[sdiy] Bus for digital patching of synths

charlie wallace charlie at finitemonkeys.com
Mon Nov 18 23:53:45 CET 2013


i have a cyclone gen2 pci expansion box, if memory serves it was about
3K  USD, the board was around 1K on its own.

stability could be better, but i am beating on it bandwidth wise.



On Sat, Nov 16, 2013 at 2:03 AM, cheater00 . <cheater00 at gmail.com> wrote:
> Hi guys,
> one of the list members has pointed me to the VME Bus backplane
> format, which is apparently a popular format in industrial computers,
> and traces back to the 68000 memory interface. The bus goes up to 320
> MByte/sec which is 2.5 gigabits per sec. This is 39% faster than the
> calculated example I cite above: "on a single collision domain, there
> could be 10 monophonic modules which each have 6 inputs or outputs at
> 100 kHz at 20 bits". However, instead of monophonic, the VME 320
> caters for 16-voice polyphony, so it's obviously very powerful. Much
> older versions can be used for monophonic bus.
>
> The 16 voice polyphony example above calculates at 1831 Mb/s or 228 MB/s.
>
> VME 320 is supposed to be very expensive. VME 64 (which is 64 MB/s) is
> supposed to be much cheaper.
>
> This got me thinking. Perhaps it would be a good idea to use PCI
> express? A single "backplane" would be a computer with PCIe slots.
> Even nowadays, an older motherboard with 4 slots can be bought
> inexpensively. A slow, cheap CPU can be cooled fanlessly with a huge
> heatsink, so no issue there. Flex cable risers can be used to route to
> the modular interface, so that you can use any motherboard really. The
> CPU could do additional processing, such as automation or signal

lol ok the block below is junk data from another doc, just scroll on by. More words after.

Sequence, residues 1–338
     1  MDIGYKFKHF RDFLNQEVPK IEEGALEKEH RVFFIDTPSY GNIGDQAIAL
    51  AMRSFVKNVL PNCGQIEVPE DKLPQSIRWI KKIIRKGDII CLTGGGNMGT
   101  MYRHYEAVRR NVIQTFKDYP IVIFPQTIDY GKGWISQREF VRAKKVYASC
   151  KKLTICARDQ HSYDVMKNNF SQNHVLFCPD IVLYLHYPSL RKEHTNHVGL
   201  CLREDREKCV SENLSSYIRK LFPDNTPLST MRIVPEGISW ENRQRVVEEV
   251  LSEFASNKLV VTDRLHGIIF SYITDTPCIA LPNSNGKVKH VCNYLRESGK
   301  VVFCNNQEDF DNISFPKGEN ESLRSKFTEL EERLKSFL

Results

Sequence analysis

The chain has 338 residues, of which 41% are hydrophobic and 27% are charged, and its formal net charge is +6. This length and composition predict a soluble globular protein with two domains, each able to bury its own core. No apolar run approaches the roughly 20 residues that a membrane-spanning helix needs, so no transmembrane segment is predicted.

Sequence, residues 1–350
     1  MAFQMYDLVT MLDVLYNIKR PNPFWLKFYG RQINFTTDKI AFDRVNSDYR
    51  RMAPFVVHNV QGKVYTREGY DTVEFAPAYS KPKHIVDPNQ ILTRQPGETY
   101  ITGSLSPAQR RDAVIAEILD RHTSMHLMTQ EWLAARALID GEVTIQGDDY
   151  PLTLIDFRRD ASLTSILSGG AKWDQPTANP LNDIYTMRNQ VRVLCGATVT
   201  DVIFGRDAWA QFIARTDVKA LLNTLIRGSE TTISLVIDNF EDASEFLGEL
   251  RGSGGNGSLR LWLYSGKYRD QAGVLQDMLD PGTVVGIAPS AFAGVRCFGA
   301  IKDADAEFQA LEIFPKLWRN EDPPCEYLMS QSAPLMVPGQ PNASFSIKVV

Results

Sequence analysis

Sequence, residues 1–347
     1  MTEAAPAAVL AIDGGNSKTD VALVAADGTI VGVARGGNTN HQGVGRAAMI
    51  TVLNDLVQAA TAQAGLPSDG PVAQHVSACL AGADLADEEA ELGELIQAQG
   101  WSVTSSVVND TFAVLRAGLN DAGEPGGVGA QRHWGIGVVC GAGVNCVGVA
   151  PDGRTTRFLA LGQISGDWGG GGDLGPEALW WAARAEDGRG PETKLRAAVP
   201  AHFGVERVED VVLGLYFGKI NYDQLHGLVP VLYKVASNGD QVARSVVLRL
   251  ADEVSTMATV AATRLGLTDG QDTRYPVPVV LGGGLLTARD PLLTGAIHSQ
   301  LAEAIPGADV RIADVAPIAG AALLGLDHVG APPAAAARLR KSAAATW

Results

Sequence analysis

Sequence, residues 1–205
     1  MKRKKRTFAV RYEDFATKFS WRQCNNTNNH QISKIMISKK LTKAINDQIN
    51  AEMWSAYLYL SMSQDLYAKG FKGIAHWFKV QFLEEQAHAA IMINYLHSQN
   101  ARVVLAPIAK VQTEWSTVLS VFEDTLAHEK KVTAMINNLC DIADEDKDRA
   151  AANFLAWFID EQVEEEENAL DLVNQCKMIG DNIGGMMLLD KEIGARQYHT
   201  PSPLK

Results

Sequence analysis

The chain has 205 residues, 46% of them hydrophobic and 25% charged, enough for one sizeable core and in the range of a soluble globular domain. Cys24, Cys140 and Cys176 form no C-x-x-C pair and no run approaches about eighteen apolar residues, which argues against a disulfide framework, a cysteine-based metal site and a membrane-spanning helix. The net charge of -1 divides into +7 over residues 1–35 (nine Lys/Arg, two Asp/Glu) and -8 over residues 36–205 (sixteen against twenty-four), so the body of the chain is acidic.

> processing or even recording. The cost for 5 slots is:
>
> - motherboard + cpu + a niminum of ram = 100 €
> - heatsink = 80 €
> - silent PSU = 100 €
>
> The best thing is that it uses cheap consumer products.
>
> My worry is though whether 1. this can be used easily from a digital
> board on a synth (is there inexpensive silicon?) and 2. whether it can
> achieve latency as low as one would achieve with a per-sample TDM
> setup.
>
> If one wishes to go in that direction, though, PCIe seems to be a
> flourishing ecosystem of relatively inexpensive hardware. The
> programming model becomes very simple, and there are numerous good
> real-time operating systems.
>
> Because PCIe can be switched, there are numerous backplane products.
> Every typical PC motherboard has at least one PCIe x16 slot. This can
> be used to drive a card which then connects to a backplane with
> multiple new PCIe slots that either communicate with each other, or
> with the host board. Even a 16-voice modular needs one PCIe x1 lane
> per 10 modules. A PCIe x16 slot obviously provides 16 lanes (as the
> name suggests). So with use of some challenging electrical signalling
> we're looking at being able to use up to 160 modules with a single
> inexpensive PC "brain", or 3x more with PCIe 3.0, plus we can multiply
> by the amount of 16x slots the host motherboard provides. That is
> obviously more than enough.
>
> There are ready PCIe backplane products. One example is from Cyclone.
> It has a physical backplane with PCIe slots on it, which connects via
> a cable to a PCIe card that plugs into your motherboard:
>
> http://www.cyclone.com/images/block_diagrams/600_2703blk.gif
>
> No idea how much such backplanes cost. Given all the bitcoin rage
> nowadays, I would expect them to be used at least in some capacity.
> The thing is that a bitcoin miner setup has to have a lot of graphics
> cards crunching away at numbers, and those cards don't need any
> powerful uplinks since there's no texture and geometry data coming in,
> just a few initial algorithm parameters the first time the card is
> engaged. So they're perfectly fine with x1 slots, but want a lot of
> them. Since hardware cost is heavily at play here, the only acceptable
> solution is for this hardware to be cheap. So I reckon there must be
> someone doing something like this inexpensively.
>
> Physically, the backplanes might be pitched too tightly. They are
> built for normal PCIe cards, so right next to each other. Perhaps flex
> cable risers can be used, such as here:
> http://www.adexelec.com/pciexp.htm
>
> Cheers,
> D.
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